When perceptions bite tech comm’s backside
It can be a mightily sucktacular experience when you discover what other people think technical communicators do.
Case in point: a blog post from a college student came up in my Google feeds about tech comm. The post (to which I won’t link because it’s not fair to the author) was about word choice and how the author doesn’t understand why so many writers use big words when smaller words suffice. Yep, I’m with him on that.
That’s when the author threw a punch right into the face of our profession without even knowing it. In a nutshell, he said that technical writing is exempt from the requirements of using basic language.
I think I know what the writer was trying to say: technical writing can require the use of advanced terminology. He meant no intentional malice or disrespect. Even so, his post made it clear he does not entirely understand what we do in tech comm, particularly now that the field has changed so much in past decade or so.
This lack of understanding on one student’s part generated many questions in my mind:
- How many of our colleagues in other departments think we spend our lives stringing together fancy words?
- Even worse, how many of those in upper management have the same thoughts?
- What are we all doing to end these perceptions?
Truly good technical content requires us to break out of our cubicles and collaborate with other departments. Our professional well-being also depends on that collaboration to dispel myths about what we do—and to reinforce the value we provide.
Yes it is true, that people in other departments do not understand what we do. They are not at all aware that technical communication is a far cry from the fictional or editorial writing.
I think that the idea of “break[ing] out of our cubicles and collaborat[ing] with other departments” is spot on, but it is the most difficult thing to achieve. I’ve yet to see a company set “collaborate with others” as a goal for heads of departments, and without that it’s not going to work. It’s particularly difficult to achieve collaboration when one department is seen as a revenue centre (for example, training delivery) and the other is seen as a cost centre (for example, tech pubs). You will only get collaboration when a company has the vision to set up a “unified content strategy” (to borrow Ann Rockley’s term).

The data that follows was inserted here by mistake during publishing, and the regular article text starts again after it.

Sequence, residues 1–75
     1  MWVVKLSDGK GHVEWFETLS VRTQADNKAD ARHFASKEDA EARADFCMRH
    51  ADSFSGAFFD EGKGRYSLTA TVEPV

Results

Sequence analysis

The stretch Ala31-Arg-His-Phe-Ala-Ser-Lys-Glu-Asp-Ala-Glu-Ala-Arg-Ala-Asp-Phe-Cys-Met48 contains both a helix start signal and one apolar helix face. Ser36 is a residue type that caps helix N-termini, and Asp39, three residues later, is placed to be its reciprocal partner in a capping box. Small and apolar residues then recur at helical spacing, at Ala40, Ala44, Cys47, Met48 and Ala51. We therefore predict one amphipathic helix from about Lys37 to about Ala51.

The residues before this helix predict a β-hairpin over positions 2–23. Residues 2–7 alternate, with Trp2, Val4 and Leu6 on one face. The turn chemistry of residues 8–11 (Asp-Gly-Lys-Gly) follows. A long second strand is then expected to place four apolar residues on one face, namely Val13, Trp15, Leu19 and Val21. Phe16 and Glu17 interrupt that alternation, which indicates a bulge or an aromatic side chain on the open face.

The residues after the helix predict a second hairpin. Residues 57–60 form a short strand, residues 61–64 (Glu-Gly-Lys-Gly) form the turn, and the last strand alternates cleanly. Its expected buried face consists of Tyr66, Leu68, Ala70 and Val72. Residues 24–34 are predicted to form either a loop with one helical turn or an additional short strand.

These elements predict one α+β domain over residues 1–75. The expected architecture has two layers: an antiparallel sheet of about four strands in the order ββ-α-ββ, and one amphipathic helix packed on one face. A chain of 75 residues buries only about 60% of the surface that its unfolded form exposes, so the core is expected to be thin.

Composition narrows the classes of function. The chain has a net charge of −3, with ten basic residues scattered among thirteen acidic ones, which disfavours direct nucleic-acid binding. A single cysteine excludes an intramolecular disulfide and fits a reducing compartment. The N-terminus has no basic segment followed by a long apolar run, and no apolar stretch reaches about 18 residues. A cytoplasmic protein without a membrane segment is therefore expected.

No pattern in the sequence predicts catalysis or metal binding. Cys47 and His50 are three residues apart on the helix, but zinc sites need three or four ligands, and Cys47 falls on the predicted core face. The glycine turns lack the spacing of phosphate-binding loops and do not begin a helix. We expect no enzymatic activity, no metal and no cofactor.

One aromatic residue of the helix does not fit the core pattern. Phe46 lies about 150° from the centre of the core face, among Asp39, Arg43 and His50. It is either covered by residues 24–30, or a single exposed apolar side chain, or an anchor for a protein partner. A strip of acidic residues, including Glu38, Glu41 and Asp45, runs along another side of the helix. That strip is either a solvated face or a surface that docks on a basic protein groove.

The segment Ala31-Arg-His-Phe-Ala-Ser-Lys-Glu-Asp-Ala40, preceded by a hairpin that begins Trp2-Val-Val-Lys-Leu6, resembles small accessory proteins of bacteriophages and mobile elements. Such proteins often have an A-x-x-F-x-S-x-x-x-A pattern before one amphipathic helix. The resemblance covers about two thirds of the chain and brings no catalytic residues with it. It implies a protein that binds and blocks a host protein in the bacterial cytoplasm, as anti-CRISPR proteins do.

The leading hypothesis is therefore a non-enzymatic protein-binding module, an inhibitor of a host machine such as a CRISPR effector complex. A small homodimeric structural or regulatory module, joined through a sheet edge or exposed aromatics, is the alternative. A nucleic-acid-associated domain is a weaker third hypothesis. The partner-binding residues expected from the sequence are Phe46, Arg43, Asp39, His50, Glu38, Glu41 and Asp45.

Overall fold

You’re right. A lot of companies have these rigid views of departments that are an obstacle to collaboration. These traditional (dare I say outdated?) views get *very* entrenched.
Often, in newer companies, the barriers between departments aren’t are as pronounced. In my experience, it is easier to foster content collaboration in these more entrepreneurial environments.
This doesn’t mean larger, more established companies can’t adopt the “unified content strategy” you mention. It just takes some very careful (and persistent) change management strategies to reduce resistance and get buy in.
I don’t necessarily see it as an old company/new company dichotomy. It’s more of an “old habit/new habit” situation, in my experience. Even in a company that talks the talk of collaboration, the more specialized roles become (in larger companies), the more people there are whose idea of what tech comm does are based purely on assumption and sometimes-distant experience. Even if there is exec buy-in on a unified content stategy (which is far less common than companies that at least talk the talk of collaboration), people define “tech writing” one at a time, just like they define “marketing.”
I like to say there are some things I never get tired of explaining… ;^)
That collaboration, clarification, and customer advocacy is central to our work is just one of those things.
Your old habit/new habit viewpoint makes a lot of sense, Frank. Those old habits can indeed reinforce the negative stereotypes about what technical communicators really do.
Frank, I love your comment about “collaboration, clarification, and customer advocacy”! I think I’ll post that on my wall and hope to get questions about it…